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Phomopsis fungal disease

Michael A. Ellis, Omer Erincik
Department of Plant Pathology

For many years, the Eastern grape industry recognized a disease called “dead-arm,” which was thought to be caused by the fungus Phomopsis viticola. In 1976, researchers demonstrated that the dead-arm disease was actually two different diseases that often occur simultaneously. Phomopsis cane and leaf spot (caused by the fungus Phomopsis viticola) is the new name for the cane- and leaf-spotting phase of what was once known as dead-arm. Eutypa dieback (caused by the fungus Eutypa armeniacae) is the new name for the canker- and shoot-dieback phase of what was once known as dead-arm. We now propose that the name dead-arm be dropped. Growers should remember that Phomopsis cane and leaf spot and Eutypa dieback are distinctly different diseases, and their control recommendations vary greatly.

Disease incidence of Phomopsis cane and leaf spot appears to be increasing in many vineyards throughout the Midwest. Crop losses up to 30% have been reported in some Ohio vineyards in growing seasons with weather conducive to disease development. Phomopsis cane and leaf spot can affect most parts of the grapevine, including canes, leaves, rachises (cluster stems), flowers, tendrils, and berries and can cause vineyard losses by:

Figure 1. Spotting and cracking of grape cane caused by Phomopsis. These typical cane symptoms are usually present only on the first three to four internodes.
  • Weakening canes, which makes them more susceptible to winter injury.
  • Damaging leaves, which reduces photosynthesis.
  • Infecting cluster stems, which can result in poor fruit development and premature fruit drop.
  • Infecting berries resulting in a fruit not near harvest.

Spots or lesions on shoots and leaves are common symptoms of the disease. Small, black spots on the internodes at the base of developing shoots are probably the most common disease symptom. These spots are usually found on the first three to four basal internodes (Figure 1). The spots may develop into elliptical lesions that may grow together to form irregular, black, crusty areas. Under severe conditions, shoots may split and form longitudinal cracks. Although cane lesions often appear to result in little damage to the vines, it is important to remember that these lesions are the primary source of overwintering inoculum for the next growing season.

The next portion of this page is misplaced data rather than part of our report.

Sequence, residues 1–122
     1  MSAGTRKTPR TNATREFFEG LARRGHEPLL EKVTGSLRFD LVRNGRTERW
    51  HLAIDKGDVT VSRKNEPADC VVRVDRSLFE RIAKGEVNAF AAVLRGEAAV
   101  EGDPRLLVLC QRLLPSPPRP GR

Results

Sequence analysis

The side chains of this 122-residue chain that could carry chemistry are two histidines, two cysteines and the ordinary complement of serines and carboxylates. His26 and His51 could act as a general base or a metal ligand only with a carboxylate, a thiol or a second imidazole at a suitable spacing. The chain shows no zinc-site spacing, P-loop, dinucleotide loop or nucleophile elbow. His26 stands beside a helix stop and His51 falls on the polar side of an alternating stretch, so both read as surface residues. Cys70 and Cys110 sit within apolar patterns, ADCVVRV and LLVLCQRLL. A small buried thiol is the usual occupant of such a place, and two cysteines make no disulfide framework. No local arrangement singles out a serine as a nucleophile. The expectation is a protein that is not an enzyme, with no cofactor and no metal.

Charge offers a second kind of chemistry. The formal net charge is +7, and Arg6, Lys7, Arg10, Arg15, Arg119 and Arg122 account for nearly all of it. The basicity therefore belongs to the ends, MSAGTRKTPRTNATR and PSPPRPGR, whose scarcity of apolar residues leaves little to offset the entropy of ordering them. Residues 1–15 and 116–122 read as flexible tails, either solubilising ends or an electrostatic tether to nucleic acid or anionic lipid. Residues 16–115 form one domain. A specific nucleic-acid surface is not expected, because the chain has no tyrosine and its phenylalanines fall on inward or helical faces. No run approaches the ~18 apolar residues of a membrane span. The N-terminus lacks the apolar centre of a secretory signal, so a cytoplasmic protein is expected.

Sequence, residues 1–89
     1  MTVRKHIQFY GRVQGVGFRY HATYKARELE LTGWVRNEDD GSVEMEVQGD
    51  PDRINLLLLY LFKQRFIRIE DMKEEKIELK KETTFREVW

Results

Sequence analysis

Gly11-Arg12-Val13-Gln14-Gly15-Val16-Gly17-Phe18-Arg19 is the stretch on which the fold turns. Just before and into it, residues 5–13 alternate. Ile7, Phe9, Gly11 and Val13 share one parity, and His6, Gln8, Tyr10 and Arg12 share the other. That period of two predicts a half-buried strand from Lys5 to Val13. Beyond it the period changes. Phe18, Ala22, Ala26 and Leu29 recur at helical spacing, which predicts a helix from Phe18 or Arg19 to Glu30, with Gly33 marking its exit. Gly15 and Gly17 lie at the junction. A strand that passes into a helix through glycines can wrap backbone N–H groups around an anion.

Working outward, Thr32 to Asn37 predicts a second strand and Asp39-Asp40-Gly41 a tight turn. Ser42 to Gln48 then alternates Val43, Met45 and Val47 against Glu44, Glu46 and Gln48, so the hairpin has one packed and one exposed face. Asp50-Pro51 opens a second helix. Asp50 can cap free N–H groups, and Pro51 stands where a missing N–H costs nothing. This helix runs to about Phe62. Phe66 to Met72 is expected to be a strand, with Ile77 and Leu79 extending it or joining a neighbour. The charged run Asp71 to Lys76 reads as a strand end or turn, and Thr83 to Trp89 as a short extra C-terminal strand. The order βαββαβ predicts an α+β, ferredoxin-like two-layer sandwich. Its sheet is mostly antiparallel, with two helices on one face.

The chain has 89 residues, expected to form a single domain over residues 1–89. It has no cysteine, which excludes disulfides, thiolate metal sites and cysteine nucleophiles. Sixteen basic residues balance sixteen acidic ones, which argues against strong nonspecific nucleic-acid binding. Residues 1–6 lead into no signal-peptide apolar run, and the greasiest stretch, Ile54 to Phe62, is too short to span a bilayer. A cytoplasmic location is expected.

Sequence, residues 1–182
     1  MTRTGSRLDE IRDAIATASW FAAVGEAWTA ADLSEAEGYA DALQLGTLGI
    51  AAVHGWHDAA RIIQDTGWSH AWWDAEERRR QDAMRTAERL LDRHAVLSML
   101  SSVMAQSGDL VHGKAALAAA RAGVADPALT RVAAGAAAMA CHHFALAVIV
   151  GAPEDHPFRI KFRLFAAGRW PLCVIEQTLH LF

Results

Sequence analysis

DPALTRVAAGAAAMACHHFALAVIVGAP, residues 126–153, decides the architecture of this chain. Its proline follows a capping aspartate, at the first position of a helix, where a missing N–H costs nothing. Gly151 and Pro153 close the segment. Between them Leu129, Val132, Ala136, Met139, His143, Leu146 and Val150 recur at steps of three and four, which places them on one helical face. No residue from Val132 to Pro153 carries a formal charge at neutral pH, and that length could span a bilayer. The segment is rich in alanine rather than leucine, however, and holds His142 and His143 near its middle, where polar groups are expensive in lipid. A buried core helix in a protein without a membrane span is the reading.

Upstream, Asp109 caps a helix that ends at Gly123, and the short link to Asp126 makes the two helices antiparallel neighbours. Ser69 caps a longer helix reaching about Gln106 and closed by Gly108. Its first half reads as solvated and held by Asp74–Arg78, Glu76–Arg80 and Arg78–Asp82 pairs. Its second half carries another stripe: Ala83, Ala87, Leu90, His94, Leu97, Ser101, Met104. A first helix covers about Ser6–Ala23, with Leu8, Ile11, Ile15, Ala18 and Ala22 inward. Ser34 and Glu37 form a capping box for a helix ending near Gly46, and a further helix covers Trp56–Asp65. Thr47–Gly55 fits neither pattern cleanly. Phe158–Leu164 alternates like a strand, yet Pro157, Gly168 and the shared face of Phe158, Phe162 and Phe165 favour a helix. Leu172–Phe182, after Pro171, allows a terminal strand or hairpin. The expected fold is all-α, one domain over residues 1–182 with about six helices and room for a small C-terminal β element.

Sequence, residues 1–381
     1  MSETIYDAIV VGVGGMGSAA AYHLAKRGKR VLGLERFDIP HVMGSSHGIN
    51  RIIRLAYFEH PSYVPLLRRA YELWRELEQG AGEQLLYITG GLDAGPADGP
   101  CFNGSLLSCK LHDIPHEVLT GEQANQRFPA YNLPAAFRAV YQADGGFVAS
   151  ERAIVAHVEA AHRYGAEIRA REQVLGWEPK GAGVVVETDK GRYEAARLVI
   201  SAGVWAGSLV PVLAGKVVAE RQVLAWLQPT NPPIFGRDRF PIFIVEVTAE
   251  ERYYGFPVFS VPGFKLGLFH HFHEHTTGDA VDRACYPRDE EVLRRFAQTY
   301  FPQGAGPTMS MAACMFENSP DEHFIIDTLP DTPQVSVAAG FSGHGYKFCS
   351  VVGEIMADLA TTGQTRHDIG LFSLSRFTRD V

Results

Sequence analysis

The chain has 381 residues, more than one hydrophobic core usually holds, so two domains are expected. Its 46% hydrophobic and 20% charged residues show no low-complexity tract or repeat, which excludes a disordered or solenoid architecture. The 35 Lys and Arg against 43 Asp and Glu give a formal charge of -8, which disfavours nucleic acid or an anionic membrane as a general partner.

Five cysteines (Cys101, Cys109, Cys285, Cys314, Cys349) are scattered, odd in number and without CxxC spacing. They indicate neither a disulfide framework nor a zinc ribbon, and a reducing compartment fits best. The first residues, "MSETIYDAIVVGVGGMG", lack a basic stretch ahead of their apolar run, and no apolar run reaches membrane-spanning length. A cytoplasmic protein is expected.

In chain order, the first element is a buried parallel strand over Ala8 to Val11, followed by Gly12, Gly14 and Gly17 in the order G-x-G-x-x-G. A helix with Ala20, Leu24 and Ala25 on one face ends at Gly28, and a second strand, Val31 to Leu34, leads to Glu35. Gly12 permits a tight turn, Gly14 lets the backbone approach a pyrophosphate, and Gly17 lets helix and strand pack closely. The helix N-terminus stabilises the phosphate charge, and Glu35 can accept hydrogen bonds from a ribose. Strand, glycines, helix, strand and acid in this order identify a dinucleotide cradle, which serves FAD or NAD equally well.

Figure 2. Symptoms on young leaves early in the season.

Leaf infections first appear as small, light-green spots with irregular, occasionally star-shaped, margins (Figure 2). Usually only the lower one to four leaves on a shoot are affected. In time, the spots become larger, turn black, and have a yellow margin (Figure 3). Leaves become distorted and die if large numbers of lesions develop. Infections of leaf petioles may cause leaves to turn yellow and fall off.

Figure 3. Symptoms on older leaves late in the season.

All parts of the grape cluster (berries and rachises or cluster stems) are susceptible to infection throughout the growing season; however, most infections appear to occur early in the growing season. Lesions developing on the first one or two cluster stems (rachises) on a shoot may result in premature withering of the cluster stem (Figure 4). Infected clusters that survive until harvest often produce infected or poor-quality fruit.

Figure 4. Symptoms of rachis infection.